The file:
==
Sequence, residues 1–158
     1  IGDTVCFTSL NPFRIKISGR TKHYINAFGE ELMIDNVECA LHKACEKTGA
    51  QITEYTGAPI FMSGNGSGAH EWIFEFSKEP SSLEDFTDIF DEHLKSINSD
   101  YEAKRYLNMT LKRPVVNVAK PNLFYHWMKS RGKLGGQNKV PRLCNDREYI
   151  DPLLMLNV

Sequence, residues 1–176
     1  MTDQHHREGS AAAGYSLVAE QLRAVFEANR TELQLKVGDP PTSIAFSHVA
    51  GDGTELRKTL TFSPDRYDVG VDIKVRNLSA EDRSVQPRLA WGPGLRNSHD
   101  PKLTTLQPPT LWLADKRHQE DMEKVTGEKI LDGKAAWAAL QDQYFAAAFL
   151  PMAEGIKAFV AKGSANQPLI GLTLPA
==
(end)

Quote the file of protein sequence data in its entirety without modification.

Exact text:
Sequence, residues 1–158
     1  IGDTVCFTSL NPFRIKISGR TKHYINAFGE ELMIDNVECA LHKACEKTGA
    51  QITEYTGAPI FMSGNGSGAH EWIFEFSKEP SSLEDFTDIF DEHLKSINSD
   101  YEAKRYLNMT LKRPVVNVAK PNLFYHWMKS RGKLGGQNKV PRLCNDREYI
   151  DPLLMLNV

Sequence, residues 1–176
     1  MTDQHHREGS AAAGYSLVAE QLRAVFEANR TELQLKVGDP PTSIAFSHVA
    51  GDGTELRKTL TFSPDRYDVG VDIKVRNLSA EDRSVQPRLA WGPGLRNSHD
   101  PKLTTLQPPT LWLADKRHQE DMEKVTGEKI LDGKAAWAAL QDQYFAAAFL
   151  PMAEGIKAFV AKGSANQPLI GLTLPA